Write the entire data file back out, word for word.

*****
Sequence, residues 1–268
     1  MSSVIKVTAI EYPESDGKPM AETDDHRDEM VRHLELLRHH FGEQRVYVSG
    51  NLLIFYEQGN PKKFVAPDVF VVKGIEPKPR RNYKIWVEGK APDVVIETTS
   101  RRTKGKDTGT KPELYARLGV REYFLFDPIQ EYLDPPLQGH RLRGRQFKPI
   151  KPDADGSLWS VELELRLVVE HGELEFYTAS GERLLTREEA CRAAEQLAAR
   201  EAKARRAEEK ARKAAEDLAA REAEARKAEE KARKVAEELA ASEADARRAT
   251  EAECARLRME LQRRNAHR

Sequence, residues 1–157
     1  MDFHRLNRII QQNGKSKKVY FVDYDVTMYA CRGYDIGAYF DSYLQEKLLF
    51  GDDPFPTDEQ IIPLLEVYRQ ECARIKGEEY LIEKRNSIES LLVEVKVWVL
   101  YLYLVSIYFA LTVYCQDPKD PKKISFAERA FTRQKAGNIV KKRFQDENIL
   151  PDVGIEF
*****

Sequence, residues 1–268
     1  MSSVIKVTAI EYPESDGKPM AETDDHRDEM VRHLELLRHH FGEQRVYVSG
    51  NLLIFYEQGN PKKFVAPDVF VVKGIEPKPR RNYKIWVEGK APDVVIETTS
   101  RRTKGKDTGT KPELYARLGV REYFLFDPIQ EYLDPPLQGH RLRGRQFKPI
   151  KPDADGSLWS VELELRLVVE HGELEFYTAS GERLLTREEA CRAAEQLAAR
   201  EAKARRAEEK ARKAAEDLAA REAEARKAEE KARKVAEELA ASEADARRAT
   251  EAECARLRME LQRRNAHR

Sequence, residues 1–157
     1  MDFHRLNRII QQNGKSKKVY FVDYDVTMYA CRGYDIGAYF DSYLQEKLLF
    51  GDDPFPTDEQ IIPLLEVYRQ ECARIKGEEY LIEKRNSIES LLVEVKVWVL
   101  YLYLVSIYFA LTVYCQDPKD PKKISFAERA FTRQKAGNIV KKRFQDENIL
   151  PDVGIEF